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Unlike most systems, IBM created an entire line of computers (or CPUs) from small to large, all running the same command set. This allowed the customers to use a low-cost version of the family, and upgrade to larger systems if their needs grew. Some models (e.g., the 360/30) even offered the option of microcode emulation of the customer's previous computer (e.g., the IBM 1401, or the IBM 1620) so that old programs could still be run on the new machine.
This flexibility greatly lowered barriers to entry. With other machines you had the choice between being able to afford a machine that might not have the power you needed, or instead purchasing one that guaranteed the power but cost so much to be unattractive. The result was that many companies simply didn't buy computers. The S/360 changed the entire nature of the market, and companies could now buy "low end" machines without fear.
The S/360 family initially consisted of six computers and forty common peripherals, there were thirteen models in all. The cheapest model was the 360/20 with 24k of memory, only half the registers of other models and the instruction set was not binary-compatible with the rest of the range. The most significant model was the 360/67 (first shipped in August 1966), which was the first to offer virtual machine computing to its users through its CP-67 operating system, later called VM/370 (see: CMS/VM).
Operating System/360 (OS/360) was developed for mid-range System/360. The smaller machines used DOS/360 and the larger were supposed to use TSS/360 (Time-Sharing System, a Multics copy), but it never worked properly and was replaced with either CP-67, MTS (Michigan Time-Sharing System), TSO (Time-Sharing Option for OS/360) or a number of others.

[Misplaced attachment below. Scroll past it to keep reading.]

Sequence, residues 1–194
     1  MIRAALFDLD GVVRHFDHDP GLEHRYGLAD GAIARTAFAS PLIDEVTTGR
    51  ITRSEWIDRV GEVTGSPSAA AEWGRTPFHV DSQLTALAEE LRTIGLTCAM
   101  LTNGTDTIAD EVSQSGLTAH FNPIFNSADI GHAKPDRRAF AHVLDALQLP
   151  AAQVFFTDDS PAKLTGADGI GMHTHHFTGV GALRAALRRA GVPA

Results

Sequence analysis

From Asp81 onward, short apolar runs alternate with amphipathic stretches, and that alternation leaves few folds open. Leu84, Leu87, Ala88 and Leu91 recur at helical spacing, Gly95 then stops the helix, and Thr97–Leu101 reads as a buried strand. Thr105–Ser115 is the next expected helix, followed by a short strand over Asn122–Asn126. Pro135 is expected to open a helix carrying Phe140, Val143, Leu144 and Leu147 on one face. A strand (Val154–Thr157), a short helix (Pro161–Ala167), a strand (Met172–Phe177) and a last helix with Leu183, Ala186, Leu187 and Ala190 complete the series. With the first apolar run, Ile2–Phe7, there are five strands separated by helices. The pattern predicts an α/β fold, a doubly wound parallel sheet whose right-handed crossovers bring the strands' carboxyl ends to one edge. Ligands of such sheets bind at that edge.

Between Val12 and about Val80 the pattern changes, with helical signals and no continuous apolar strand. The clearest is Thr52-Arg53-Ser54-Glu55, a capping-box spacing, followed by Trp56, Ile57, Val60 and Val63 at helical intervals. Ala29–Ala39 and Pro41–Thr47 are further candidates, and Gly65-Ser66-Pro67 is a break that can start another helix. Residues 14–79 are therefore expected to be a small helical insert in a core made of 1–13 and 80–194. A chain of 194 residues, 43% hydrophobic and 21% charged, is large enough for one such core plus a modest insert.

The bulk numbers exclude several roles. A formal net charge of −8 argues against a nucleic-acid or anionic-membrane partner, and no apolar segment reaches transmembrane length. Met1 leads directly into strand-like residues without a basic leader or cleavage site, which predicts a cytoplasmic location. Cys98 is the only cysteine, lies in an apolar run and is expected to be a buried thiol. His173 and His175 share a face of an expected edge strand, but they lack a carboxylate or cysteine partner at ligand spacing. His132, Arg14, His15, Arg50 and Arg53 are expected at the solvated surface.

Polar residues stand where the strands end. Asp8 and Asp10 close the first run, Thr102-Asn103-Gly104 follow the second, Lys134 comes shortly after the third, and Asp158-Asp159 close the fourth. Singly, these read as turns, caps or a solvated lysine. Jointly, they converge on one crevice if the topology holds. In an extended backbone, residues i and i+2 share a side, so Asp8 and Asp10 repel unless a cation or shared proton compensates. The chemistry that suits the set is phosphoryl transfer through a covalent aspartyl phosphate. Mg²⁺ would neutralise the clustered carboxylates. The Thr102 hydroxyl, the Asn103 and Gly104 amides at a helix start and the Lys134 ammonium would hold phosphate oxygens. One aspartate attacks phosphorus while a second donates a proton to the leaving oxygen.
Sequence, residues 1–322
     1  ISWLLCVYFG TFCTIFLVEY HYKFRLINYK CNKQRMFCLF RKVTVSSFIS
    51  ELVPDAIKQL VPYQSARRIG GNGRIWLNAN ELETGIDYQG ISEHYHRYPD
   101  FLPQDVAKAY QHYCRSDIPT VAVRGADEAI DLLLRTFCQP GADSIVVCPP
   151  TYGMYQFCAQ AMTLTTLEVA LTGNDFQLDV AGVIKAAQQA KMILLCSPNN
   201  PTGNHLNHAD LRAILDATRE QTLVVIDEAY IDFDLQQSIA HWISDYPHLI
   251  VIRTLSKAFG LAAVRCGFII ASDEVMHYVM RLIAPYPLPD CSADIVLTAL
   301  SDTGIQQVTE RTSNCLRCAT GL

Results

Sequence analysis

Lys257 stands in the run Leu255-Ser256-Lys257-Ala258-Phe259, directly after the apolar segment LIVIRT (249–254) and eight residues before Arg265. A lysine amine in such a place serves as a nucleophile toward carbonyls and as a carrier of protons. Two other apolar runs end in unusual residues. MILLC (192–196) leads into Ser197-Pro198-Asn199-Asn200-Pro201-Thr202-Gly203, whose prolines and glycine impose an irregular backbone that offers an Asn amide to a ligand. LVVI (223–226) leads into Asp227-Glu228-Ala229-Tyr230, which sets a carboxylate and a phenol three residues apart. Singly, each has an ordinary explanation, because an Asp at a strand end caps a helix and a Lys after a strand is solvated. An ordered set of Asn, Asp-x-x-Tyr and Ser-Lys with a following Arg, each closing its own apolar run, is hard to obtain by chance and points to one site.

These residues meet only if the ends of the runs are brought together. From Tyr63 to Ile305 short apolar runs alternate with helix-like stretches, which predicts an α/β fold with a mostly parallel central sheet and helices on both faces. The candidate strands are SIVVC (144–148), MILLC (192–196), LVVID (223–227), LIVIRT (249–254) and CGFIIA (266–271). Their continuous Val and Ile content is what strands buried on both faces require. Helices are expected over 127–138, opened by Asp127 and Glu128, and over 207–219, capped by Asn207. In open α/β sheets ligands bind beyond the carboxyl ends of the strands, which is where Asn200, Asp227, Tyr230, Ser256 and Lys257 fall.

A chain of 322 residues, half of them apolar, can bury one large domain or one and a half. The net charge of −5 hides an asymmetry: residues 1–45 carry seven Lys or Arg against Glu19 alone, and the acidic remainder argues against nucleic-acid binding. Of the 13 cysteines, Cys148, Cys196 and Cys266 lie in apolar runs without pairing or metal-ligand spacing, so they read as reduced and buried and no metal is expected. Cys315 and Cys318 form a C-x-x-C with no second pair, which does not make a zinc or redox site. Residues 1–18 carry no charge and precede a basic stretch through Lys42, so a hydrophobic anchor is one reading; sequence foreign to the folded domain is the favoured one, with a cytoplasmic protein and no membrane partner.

The System/360 introduced a number of the standards for the industry, such as 8-bit bytes (although there was financial pressure during development to reduce the byte to 4 or 6 bits!) and byte addressable memory, 32-bit words, segmented and paged memory, the EBCDIC character set and was the first to use microcode.
The S/360 was the most expensive CPU project in history. The most expensive project of the 1960s was Project Apollo moon rocket. IBM System/360 was the second most expensive. Fortune magazine at the time referred to it as IBM's '$5 Billion gamble' and they were right; IBM absolutely bet the company on this machine - that's $5bn *1964* Dollars! The bet paid off...
See also List of IBM products.
This article (or an earlier version of it) contains material from FOLDOC, used with permission.
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